2005 Salt Lake City Annual Meeting (October 16–19, 2005)

Paper No. 22
Presentation Time: 6:00 PM-8:00 PM


GREB, Stephen F., Kentucky Geological Survey, Univ of Kentucky, 228 Mining and Mineral Resources Building, Lexington, KY 40506-0107, greb@uky.edu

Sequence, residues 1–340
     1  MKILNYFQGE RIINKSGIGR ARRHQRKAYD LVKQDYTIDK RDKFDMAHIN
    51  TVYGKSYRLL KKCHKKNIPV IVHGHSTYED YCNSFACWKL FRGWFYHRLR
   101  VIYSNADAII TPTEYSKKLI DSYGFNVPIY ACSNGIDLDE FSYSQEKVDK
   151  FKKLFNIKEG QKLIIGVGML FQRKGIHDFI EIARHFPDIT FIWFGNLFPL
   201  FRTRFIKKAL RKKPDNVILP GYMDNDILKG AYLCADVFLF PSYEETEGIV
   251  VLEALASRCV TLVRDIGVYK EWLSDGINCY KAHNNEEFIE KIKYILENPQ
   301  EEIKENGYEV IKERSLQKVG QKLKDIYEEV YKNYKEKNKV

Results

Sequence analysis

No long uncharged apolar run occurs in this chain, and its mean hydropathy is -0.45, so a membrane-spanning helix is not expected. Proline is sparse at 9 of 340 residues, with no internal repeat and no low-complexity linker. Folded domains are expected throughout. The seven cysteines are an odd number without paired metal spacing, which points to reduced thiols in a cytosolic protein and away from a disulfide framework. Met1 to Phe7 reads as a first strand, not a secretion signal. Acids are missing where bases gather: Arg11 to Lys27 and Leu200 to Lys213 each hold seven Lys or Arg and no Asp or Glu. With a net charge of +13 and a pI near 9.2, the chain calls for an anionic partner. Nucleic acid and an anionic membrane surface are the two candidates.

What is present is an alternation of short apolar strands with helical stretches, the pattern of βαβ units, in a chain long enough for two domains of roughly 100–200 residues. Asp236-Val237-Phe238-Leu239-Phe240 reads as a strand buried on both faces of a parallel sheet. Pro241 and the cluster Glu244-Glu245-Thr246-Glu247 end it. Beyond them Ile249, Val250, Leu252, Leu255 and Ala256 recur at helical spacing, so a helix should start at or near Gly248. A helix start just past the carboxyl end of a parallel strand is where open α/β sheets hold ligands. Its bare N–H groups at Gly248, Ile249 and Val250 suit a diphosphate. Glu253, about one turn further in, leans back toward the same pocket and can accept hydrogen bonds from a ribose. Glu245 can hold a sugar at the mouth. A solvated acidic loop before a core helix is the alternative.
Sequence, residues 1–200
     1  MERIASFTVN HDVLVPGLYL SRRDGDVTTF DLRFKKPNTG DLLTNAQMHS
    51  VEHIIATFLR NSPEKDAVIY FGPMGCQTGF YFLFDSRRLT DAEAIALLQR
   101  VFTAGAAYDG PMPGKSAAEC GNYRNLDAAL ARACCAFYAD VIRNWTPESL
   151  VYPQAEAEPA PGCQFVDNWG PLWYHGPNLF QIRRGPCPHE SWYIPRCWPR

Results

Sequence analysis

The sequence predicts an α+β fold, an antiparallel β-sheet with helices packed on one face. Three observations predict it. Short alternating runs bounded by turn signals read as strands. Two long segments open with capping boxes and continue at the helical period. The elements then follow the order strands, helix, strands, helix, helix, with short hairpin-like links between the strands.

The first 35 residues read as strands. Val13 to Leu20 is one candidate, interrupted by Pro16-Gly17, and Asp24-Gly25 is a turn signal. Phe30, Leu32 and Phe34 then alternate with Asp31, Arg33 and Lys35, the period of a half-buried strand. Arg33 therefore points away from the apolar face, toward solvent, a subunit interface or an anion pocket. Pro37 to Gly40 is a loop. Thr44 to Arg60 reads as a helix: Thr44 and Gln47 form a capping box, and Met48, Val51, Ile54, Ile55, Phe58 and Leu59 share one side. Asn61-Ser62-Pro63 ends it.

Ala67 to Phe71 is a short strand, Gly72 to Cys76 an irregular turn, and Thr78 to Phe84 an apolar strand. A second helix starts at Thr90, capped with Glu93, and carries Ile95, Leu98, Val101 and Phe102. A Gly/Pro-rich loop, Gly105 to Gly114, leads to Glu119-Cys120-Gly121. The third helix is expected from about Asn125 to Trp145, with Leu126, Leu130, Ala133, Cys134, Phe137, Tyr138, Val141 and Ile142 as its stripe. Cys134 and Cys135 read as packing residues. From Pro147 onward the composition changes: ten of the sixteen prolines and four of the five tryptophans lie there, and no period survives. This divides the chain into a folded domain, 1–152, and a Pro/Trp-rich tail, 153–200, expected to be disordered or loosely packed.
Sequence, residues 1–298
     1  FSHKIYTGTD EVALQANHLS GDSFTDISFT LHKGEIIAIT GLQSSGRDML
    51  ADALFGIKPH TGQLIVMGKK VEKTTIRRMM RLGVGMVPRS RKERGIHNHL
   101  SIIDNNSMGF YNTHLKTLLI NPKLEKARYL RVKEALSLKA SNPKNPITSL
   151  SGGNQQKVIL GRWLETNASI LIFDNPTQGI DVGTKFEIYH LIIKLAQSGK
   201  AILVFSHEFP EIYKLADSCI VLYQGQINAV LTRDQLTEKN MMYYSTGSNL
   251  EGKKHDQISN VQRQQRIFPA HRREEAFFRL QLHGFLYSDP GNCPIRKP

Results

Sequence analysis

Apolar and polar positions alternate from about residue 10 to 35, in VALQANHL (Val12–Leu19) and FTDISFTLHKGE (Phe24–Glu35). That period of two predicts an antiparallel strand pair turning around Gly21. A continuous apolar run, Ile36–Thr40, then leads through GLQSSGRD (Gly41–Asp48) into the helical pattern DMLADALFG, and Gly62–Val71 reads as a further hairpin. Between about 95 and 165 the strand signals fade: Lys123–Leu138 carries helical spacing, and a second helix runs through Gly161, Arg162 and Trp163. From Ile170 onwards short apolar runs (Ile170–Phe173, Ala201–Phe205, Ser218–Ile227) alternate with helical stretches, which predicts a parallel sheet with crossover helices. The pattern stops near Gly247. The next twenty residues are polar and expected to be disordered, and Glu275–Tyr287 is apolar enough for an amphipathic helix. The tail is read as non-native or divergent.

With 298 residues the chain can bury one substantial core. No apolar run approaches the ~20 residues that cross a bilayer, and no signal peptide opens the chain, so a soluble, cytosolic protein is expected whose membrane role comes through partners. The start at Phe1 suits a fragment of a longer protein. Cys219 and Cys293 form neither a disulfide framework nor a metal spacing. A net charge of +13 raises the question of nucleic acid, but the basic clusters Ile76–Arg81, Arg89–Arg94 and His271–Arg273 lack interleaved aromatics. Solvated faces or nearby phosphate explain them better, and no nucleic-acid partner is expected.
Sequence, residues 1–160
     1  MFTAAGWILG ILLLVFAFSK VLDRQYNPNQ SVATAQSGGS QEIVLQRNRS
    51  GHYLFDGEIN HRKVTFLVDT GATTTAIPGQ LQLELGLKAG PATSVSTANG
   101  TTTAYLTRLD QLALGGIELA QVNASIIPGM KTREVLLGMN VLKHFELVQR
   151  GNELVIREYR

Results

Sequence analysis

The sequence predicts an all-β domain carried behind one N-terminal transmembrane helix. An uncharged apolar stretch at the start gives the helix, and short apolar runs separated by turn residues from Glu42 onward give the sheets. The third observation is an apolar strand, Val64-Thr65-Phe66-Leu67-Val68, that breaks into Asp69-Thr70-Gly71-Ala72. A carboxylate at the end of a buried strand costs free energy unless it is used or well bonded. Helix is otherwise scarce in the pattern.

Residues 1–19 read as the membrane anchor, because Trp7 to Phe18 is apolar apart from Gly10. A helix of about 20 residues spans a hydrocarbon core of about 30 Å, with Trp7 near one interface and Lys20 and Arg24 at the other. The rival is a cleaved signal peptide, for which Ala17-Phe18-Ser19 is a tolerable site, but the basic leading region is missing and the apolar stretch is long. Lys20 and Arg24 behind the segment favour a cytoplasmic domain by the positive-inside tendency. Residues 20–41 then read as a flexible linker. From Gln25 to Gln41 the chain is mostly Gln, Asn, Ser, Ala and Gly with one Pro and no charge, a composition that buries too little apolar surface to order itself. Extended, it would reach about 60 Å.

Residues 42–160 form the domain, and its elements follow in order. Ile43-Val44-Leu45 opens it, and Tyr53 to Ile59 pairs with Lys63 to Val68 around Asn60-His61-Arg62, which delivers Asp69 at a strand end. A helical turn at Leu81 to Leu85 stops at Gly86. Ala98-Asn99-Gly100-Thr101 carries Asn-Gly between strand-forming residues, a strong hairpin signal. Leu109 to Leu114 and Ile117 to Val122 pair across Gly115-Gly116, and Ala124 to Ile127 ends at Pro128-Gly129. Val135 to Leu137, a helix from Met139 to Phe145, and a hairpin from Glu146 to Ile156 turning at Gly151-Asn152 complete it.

The Kentucky Geological Survey's Earth Science Education Network, www.uky.edu/kgs/education/education.html, contains numerous earth history and paleontological classroom activities to aid in understanding geologic time. Activities include (1) “It's About Time”: a collection of standard methods for demonstrating time on paper, a clock, a sports field, basketball court, or parking lot, a series of time lines with different formats, images of prehistoric life and important dates in earth history for use in time lines and student presentations, as well as links to time scales and annotated links to important events in earth history; (2) “Geologic and Paleontologic Cookbook”: recipes for edible earth-history activities and demonstrations in the classroom, (3) “How Fossils Form Activities”: activities that demonstrate different types of fossilization using plaster, glue, candle wax, ink, food, and clay, (4) “Trilobite Masks”: instructions to make cephalon masks from paper plates, (5) “Draw T. rex”: a step-by-step guide that allows students to draw a reconstruction of Tyrannosaurus rex from a fossil skull in order to illustrate how scientists reconstruct ancient animals based on modern animal anatomy, (6) “Can You Find…”: a search for different types of fossils and prehistoric animals depicted on the popular “Progression of Life” poster, and (7) “Fossil Shapes Extension Activity”: Mesozoic marine fossils in cut stone are examined in a virtual field trip to demonstrate problems with identifying three-dimensional shapes in two dimensions. Many of the activities are cross-linked with the Fossils and Prehistoric Life page www.uky.edu/KGS/coal/webfossl/fosslbig.htm, which contains information on identifying fossils found in Kentucky by type, age, and the area in which they were found. Students can also use one of two keys to identify fossils they have collected. Keys are provided by descriptive terms (beehive, brain, etc.) and by an image table of common shapes. Fossil information is cross-linked to Geologic Time in Kentucky, which provides information about the age of rock strata in Kentucky and provides illustrations of what Kentucky looked like at different times in earth history.